Paying your bills on time is a good way to fix your credit score. Set up a direct debit for all your essential bills so they’re paid on time automatically.
6. Be cautious about joint accounts
Your credit score can be affected by those you share bank accounts or a mortgage with. So if your credit score is being brought down by joint borrowing, you may want to consider removing yourself from the joint account.
This can be a tricky conversation to have with the other person. But it can boost your credit score within one month. So weigh up your personal pros and cons for this one.
7. Avoid applying for credit if you’ve been rejected
If you’ve been rejected for a recent credit application, avoid applying for more. Each hard credit check leaves a mark on your account, even if you’re not accepted. So multiple rejected credit applications can damage your credit rating further.
Instead, take the time to follow these steps and fix your credit score before applying for a new loan or line of credit.
8. Register to vote if you’re eligible
Not everyone who comes to the UK is eligible to vote. But if you are, it’s a good idea to register on the electoral roll. Doing this helps lenders confirm your name and address, which can give your credit score a boost.
9. Opt in to Open Banking
Open Banking is a system that allows banks and other financial institutions to share your information, giving them a better picture of your creditworthiness. This can be helpful if you have good money management habits and want to improve your credit score quickly.
It’s not just banks that can share information via Open Banking. Other financial apps may also send signals to credit reference agencies. Use safe money apps to share as much information as you like.
All banks and financial organisations need your permission to share information with CRAs and other organisations.
10. Keep your credit accounts open
Even if you’re no longer using your credit accounts, keeping them open gives a more detailed picture of your credit history. So there’s no need to close down credit card or bank accounts, even if you no longer use them.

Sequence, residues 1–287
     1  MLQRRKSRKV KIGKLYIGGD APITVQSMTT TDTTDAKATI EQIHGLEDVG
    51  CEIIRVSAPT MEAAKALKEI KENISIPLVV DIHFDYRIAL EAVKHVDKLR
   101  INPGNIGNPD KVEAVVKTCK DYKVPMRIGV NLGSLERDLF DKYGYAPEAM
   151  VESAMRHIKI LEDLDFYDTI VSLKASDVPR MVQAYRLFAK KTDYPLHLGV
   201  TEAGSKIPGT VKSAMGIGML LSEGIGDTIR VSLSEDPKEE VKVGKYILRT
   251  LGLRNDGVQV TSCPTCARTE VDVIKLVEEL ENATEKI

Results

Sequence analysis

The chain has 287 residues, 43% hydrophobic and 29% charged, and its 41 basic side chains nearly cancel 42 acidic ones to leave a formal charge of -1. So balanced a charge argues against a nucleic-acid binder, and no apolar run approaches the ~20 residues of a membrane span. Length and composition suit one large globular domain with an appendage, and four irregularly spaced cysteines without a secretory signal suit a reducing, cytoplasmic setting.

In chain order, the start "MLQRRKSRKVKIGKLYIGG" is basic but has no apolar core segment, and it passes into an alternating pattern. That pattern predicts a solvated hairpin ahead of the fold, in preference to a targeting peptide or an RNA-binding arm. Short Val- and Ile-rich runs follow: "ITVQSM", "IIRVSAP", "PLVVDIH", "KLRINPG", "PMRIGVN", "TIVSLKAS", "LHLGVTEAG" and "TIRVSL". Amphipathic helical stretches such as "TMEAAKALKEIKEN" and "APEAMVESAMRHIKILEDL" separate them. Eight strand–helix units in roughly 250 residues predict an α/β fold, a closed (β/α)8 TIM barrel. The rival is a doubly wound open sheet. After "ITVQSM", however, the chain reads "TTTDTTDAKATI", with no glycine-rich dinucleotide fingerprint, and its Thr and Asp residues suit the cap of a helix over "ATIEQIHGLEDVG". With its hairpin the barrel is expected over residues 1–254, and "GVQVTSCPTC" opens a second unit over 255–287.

Improving your credit score FAQs
Now you know how to fix your credit score, here’s some additional information that can help you plan your financial future.
How is your credit score calculated?
Credit reference agencies use automated systems to create your credit score. These systems look at lots of different factors to build a picture of your reliability as a borrower.
How long does it take to fix your credit score?
It usually takes at least a few months to see substantial changes to your credit score.
As you can see from the diagram above, your payment history is the most influential factor in determining your credit score. It takes time to build up a positive payment history, especially if your credit score is currently low.
It can even take years to improve your credit score to the levels you want. So it’s important to start thinking about your credit score now, even if you’re not ready to get a mortgage or take out a loan yet.
Do credit repair agencies work?
Credit repair agencies aren’t usually worth using. You can do most of what they claim to do by yourself for free — such as all of the actions listed above.
If you’re considering paying to improve your credit score, a better investment might be Experian Boost. This links your credit report to accounts that require a regular payment (such as Netflix, Spotify, and your council tax bill). This gives Experian a more rounded picture of your payment history, so they can give you a more accurate credit score.
Learn more about building credit in the UK
If you’re new to the UK, you might not have a credit score here yet. You can’t port a credit rating from another country, so find out everything you need to know about building a UK credit score in our credit score FAQs.